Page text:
Spatial patterns in hydrography and nutrients were highly variable. In the southwestern stations (e.g., fjords and Atlantic-influenced water), the surface temperature ranged between 1 and 4 C; a similar temperature was observed in the Atlantic station south of the Polar Front (Fig. 1e). Northeastern domain stations were more influenced by Arctic water and the surface temperatures ranged between −2 and 1 C (Fig. 1e). Surface nutrient concentrations, particularly [NO3+NO2] and [Si(OH)4], showed a broad range. The highest surface [NO3+NO2] was observed in the southwestern fjords, between 2 and >8µM, and the Atlantic station (∼3µM, Fig. 1a). The surface concentrations at the remaining stations were <0.5µM or near detection limits (Fig. 1a). [Si(OH)4] was lower than [NO3+NO2] (i.e., $\mathrm{Si}:\mathrm{N}<\mathrm{1}$) among stations where [NO3+NO2] was >0.1µM. At high [NO3+NO2] stations, the [Si(OH)4] ranged from 1.1–4.5 µM (Fig. 1b) but the range was lower among other stations (0.4–1.1 µM, Fig. 1b). The bSiO2 concentration (proxy for diatom biomass, Fig. 1c) was typically similar to, or lower than, surface [Si(OH)4]. The highest surface [bSiO2] was observed in the southern stations (Atlantic-influenced waters): ∼2–3 µmol Si L−1 (Fig. 1c). At most other stations the [bSiO2] was <1µmol Si L−1. Among all stations and depths bSiO2 varied by a factor of ∼40 (does not include Hinlopen ice algae).

Primary productivity, measured at six stations at 5 m (approximately 50 % of surface irradiance), varied by 2 orders of magnitude. The lowest primary productivity rates were observed at the four stations with the lowest surface [NO3+NO2] and ranged from 2 to 13 $\mathrm{µ}\mathrm{g}\phantom{\rule{0.125em}{0ex}}\mathrm{C}\phantom{\rule{0.125em}{0ex}}{\mathrm{L}}^{-\mathrm{1}}\phantom{\rule{0.125em}{0ex}}{\mathrm{day}}^{-\mathrm{1}}$; at these stations [Chl a] ranged from 2.0 to 4.8 µg L−1 (Table 1, Fig. 1d). The highest rates were measured at van Mijenfjorden and Bredjupet: 100±65 and 27±1$\mathrm{µ}\mathrm{g}\phantom{\rule{0.125em}{0ex}}\mathrm{C}\phantom{\rule{0.125em}{0ex}}{\mathrm{L}}^{-\mathrm{1}}\phantom{\rule{0.125em}{0ex}}{\mathrm{day}}^{-\mathrm{1}}$, respectively, and corresponded to high [NO3+NO2] and low [Chl a] of 1.8 and 0.7 µg L−1, respectively (Table 1, Fig. 1d).

## 3.2 Vertical profiles

As expected, most stations showed strong vertical gradients in nutrient concentrations. Profiles in the southwestern region of Svalbard (van Mijenfjorden, Bredjupet) had elevated [Si(OH)4], with little vertical structure. Vertical [Si(OH)4] profiles among other stations showed typical nutrient drawdown between the surface and ∼20m. At these stations, surface [Si(OH)4] concentrations were typically <1.5µM and subsurface values (to 20 m) ranged from 0.5 to 3.0 µM (Fig. 2a). [NO3+NO2] exceeded [Si(OH)4] among all depths at five stations (Fig. 2b), whereas in the remaining stations [NO3+NO2] exceeded [Si(OH)4] (i.e., $\mathrm{Si}:\mathrm{N}<\mathrm{1}$) at depths >5m (Bellsund Hula), >20m (Erik Eriksenstretet), and >27m (Polar Front). For these latter three stations, [NO3+NO2] had a significant drawdown in surface waters, but then increased with depth without a similar degree of vertical enhancement in [Si(OH)4] (Fig. 2).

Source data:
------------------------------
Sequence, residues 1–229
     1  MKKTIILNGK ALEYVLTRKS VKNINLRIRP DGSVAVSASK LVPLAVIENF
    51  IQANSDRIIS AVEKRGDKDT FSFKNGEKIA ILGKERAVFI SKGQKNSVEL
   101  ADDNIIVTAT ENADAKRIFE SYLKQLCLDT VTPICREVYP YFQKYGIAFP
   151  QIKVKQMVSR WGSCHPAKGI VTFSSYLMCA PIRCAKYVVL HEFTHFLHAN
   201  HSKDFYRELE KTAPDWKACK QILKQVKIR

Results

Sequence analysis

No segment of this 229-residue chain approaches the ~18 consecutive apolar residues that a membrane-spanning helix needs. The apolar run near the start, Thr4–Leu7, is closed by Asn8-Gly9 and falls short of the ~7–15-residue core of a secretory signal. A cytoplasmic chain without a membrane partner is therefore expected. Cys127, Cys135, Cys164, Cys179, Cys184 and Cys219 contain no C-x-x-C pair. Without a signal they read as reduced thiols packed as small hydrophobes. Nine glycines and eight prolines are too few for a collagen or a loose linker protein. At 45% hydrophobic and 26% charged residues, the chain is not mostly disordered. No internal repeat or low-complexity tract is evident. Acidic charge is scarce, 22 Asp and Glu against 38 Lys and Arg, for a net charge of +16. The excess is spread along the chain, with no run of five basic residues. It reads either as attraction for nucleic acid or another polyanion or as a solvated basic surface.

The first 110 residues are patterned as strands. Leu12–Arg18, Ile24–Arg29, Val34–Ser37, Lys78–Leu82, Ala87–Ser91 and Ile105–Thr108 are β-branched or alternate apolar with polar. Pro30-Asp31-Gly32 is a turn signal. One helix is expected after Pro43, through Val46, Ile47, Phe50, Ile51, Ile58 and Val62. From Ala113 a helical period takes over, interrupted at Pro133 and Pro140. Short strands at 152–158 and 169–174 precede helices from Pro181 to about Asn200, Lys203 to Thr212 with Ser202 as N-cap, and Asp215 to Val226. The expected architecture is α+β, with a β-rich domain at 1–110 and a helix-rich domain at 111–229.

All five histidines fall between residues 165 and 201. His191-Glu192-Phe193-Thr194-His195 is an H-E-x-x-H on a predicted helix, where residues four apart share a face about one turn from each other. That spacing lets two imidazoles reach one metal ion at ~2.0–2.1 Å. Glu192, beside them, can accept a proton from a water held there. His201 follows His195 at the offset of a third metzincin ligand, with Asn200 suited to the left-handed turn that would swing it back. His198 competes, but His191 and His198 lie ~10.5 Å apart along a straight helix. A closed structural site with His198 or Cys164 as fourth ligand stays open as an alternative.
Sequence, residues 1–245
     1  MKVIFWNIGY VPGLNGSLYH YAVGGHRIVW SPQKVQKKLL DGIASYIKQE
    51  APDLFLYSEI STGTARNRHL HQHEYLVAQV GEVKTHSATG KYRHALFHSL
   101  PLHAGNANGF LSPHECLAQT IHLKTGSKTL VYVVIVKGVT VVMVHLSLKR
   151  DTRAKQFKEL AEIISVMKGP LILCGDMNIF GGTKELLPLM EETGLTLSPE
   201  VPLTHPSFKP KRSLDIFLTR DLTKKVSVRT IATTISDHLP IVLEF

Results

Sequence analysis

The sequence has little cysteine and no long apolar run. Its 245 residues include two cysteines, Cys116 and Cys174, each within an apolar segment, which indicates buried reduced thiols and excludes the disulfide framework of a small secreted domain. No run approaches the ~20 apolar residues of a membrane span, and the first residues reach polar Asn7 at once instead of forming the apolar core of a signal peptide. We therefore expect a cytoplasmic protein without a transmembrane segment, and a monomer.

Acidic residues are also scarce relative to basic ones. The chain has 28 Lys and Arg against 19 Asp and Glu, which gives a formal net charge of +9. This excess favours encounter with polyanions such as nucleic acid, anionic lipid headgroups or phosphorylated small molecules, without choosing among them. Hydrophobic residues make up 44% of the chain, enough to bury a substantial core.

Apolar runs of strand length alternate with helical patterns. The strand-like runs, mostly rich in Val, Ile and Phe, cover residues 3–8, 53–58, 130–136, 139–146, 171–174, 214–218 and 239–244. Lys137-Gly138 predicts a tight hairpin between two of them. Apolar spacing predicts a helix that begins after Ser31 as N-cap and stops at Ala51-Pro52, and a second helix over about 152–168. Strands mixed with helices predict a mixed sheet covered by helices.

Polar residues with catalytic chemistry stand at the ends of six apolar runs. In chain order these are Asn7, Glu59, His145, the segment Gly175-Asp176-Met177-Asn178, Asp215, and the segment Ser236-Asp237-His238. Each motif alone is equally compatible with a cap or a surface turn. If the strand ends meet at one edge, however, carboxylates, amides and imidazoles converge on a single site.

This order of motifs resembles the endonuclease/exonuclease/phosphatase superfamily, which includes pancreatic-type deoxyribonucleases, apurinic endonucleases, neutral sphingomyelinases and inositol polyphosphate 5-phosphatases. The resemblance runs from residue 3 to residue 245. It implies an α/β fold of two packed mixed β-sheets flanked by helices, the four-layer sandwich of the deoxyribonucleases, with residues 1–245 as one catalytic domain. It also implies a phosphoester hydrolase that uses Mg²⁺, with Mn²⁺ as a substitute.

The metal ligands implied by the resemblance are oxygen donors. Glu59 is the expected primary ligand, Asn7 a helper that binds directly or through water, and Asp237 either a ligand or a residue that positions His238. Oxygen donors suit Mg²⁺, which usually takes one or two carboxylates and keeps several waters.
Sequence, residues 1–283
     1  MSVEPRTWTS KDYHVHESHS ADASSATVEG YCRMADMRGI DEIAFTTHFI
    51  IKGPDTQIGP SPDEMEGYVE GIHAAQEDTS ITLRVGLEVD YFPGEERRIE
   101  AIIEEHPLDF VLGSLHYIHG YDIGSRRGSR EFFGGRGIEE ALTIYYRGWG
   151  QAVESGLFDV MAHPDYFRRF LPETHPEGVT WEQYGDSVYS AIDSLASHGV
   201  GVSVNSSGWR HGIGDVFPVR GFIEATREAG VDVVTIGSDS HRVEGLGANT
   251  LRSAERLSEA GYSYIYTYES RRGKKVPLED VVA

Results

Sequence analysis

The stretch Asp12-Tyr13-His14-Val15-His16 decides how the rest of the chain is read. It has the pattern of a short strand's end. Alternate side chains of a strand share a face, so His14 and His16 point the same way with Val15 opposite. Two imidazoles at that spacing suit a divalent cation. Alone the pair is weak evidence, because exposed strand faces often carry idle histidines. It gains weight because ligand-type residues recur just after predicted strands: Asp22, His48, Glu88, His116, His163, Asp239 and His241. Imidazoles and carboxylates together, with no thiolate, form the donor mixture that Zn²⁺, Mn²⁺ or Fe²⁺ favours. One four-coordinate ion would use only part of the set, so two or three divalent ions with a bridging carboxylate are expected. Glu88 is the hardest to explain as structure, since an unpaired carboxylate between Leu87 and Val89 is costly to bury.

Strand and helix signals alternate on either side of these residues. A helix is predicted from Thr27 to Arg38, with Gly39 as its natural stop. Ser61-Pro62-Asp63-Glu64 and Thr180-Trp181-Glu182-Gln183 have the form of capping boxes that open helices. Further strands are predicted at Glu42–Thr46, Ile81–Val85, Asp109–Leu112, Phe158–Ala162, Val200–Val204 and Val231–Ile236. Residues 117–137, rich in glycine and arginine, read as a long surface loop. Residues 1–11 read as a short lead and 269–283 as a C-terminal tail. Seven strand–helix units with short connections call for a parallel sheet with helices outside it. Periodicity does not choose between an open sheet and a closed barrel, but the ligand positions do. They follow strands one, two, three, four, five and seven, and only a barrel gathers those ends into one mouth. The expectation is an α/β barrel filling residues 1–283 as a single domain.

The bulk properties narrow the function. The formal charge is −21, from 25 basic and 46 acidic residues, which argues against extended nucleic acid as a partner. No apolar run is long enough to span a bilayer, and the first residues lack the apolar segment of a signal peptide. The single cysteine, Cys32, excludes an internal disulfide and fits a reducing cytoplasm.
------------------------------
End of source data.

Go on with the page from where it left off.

Figure 3Diatom abundance (a) and assemblage composition (b–d) in the water column, and diatom export (e) and assemblage composition (f–h) within sediment traps. Note – taxonomy information only shown for stations where both water-column and sediment-trap data were available (see text for species). Resting spores (e.g., Chaetoceros, Thalassiosira) were absent from the 40 m sediment traps; thus, proportional abundances for spore-producing taxa are entirely for vegetative cells. For (a), there are replicate diatom abundance measurements (from separate hydrocasts) for the Polar Front station.

The [bSiO2] was typically highest at or near the surface, with a maximum of ∼2µmol Si L−1 (Fig. 2c). At the Bellsund Hula and Erik Eriksenstretet stations, subsurface [bSiO2] maxima were present (Fig. 2c; note – no surface data are available for van Mijenfjorden). Among nonprofile stations, [bSiO2] was within the range observed among vertical profiles except for the Hinlopen ice algae where ice, which was melted at ambient air temperature on the vessel, had exceptionally high [bSiO2] (Fig. 2c). The integrated bSiO2 between the surface and 20 m (∫bSiO2) spanned over an order of magnitude, with a low at Bredjupet (1.9 mmol Si m−2) and a high at Hornsunddjupet (42.4 mmol Si m−2, Table 1) despite their proximity (∼50km).

Diatom abundance and taxonomy data were sampled at fewer stations, but the vertical and spatial variability generally mirrored trends in [bSiO2]. In the surface waters of van Mijenfjorden and Hornsund, diatom abundances ranged between 5×104 and 5×105 cells L−1 in the upper 50 m (Fig. 3a). However, within the same vertical layer at the Erik Eriksenstretet and Polar Front (duplicate profiles) stations, diatom abundances were enhanced by up to 2 orders of magnitude (4×1044×107 cells L−1, Fig. 3a). When integrated to 40 m depth (Diatom), matching the shallowest sediment-trap depth among the three stations reported (Fig. 3e–h), diatom inventories also showed a variability of 2 orders of magnitude as observed in ∫bSiO2. Diatom was lowest at van Mijenfjorden (7.67×109 cells m−2) and highest at the Polar Front station (527×109 cells m−2, Table 1).